Origins Available: English, French
England in the wave of migration that followed the Norman Conquest of 1066. The Blondell family lived in Lancashire. Other records show the name could have been derived from the nickname Blondel or Blundel which means the blonde or blond haired person. However, the Blondel spelling less common than the Blundell spelling and its variants.
Early Origins of the Blondell family
Lancashire where they were granted lands at Ince by William the Conqueror in 1066 A.D. William Blundell or Blondell, Lord of Ince, held three knight's fees. "The manor [of Birkdale in Lancashire], in the reign of Henry IV., was held by the Halsalls; and the Gerards of Bromley became possessed of the estate by purchase, in the 17th century: from the latter it passed to the Mordaunts, and from them to the Blundell family." CITATION[CLOSE]
Lewis, Samuel, A Topographical Dictionary of England. Institute of Historical Research, 1848, Print.
One of the first records of the family was that of Robert Blundell, rector of the church of St. Michael, Aughton, Lancashire in 1246. CITATION[CLOSE]
Ince Blundell, again in Lancashire was another ancient family seat. "The Blundells are said to have been lords of the manor from the time of the Conquest, and William Blundell is mentioned as having a seat here in the reign of Henry III." CITATION[CLOSE]
Early History of the Blondell family
Another 257 words (18 lines of text) covering the years 1155, 1276, 1520, 1601, 1604, 1579, 1625, 1620, 1643, 1707, 1692 and 1707 are included under the topic Early Blondell History in all our PDF Extended History products and printed products wherever possible.
Blondell Spelling Variations
Spelling variations in names were a common occurrence in the eras before English spelling was standardized a few hundred years ago. In the Middle Ages, even the literate regularly changed the spellings of their names as the English language incorporated elements of French, Latin, and other European languages. Many variations of the name Blondell have been found, including Blundell, Blondell, Blondle, Blundle and others.
Early Notables of the Blondell family (pre 1700)
Another 28 words (2 lines of text) are included under the topic Early Blondell Notables in all our PDF Extended History products and printed products wherever possible.
Migration of the Blondell family to Ireland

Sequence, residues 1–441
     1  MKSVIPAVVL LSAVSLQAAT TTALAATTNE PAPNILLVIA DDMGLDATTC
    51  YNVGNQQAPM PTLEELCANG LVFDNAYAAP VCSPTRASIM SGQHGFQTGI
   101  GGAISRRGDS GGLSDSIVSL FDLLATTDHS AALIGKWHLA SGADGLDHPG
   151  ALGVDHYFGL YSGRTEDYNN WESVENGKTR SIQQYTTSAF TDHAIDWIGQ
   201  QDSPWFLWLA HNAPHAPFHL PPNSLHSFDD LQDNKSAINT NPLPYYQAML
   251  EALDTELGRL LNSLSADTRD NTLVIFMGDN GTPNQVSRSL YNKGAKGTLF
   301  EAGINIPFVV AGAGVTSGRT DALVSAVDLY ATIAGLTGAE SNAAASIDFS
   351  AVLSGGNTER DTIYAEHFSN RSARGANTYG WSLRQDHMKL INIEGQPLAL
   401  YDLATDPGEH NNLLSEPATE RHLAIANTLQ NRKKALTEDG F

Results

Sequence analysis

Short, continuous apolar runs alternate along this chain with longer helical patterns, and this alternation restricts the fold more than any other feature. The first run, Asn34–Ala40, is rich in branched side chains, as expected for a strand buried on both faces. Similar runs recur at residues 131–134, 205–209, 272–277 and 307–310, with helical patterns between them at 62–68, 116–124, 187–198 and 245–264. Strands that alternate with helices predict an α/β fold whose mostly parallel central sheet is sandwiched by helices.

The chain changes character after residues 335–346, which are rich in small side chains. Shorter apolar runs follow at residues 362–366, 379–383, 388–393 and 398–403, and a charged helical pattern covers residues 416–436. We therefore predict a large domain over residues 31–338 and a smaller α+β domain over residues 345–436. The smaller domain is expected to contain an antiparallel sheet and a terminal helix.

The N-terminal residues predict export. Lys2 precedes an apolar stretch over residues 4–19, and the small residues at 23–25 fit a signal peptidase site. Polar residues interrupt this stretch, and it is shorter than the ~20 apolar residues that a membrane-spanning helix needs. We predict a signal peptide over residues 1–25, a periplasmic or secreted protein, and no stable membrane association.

Some of the Blondell family moved to Ireland, but this topic is not covered in this excerpt.
Another 114 words (8 lines of text) about their life in Ireland is included in all our PDF Extended History products and printed products wherever possible.
Migration of the Blondell family to the New World and Oceana
For many English families, the social climate in England was oppressive and lacked opportunity for change. For such families, the shores of Ireland, Australia, and the New World beckoned. They left their homeland at great expense in ships that were overcrowded and full of disease. Many arrived after the long voyage sick, starving, and without a penny. But even those were greeted with greater opportunity than they could have experienced back home. Numerous English settlers who arrived in the United States and Canada at this time went on to make important contributions to the developing cultures of those countries. Many of those families went on to make significant contributions to the rapidly developing colonies in which they settled. Early North American records indicate many people bearing the name Blondell were among those contributors:
Blondell Settlers in United States in the 18th Century
Blondell Settlers in United States in the 19th Century
Blondell Settlers in Australia in the 19th Century
Contemporary Notables of the name Blondell (post 1700)
The Blondell Motto
The motto was originally a war cry or slogan. Mottoes first began to be shown with arms in the 14th and 15th centuries, but were not in general use until the 17th century. Thus the oldest coats of arms generally do not include a motto. Mottoes seldom form part of the grant of arms: Under most heraldic authorities, a motto is an optional component of the coat of arms, and can be added to or changed at will; many families have chosen not to display a motto.
Motto: Unus et idem ferar
Motto Translation: I will be borne along one and the same.
Blondell Family Crest Products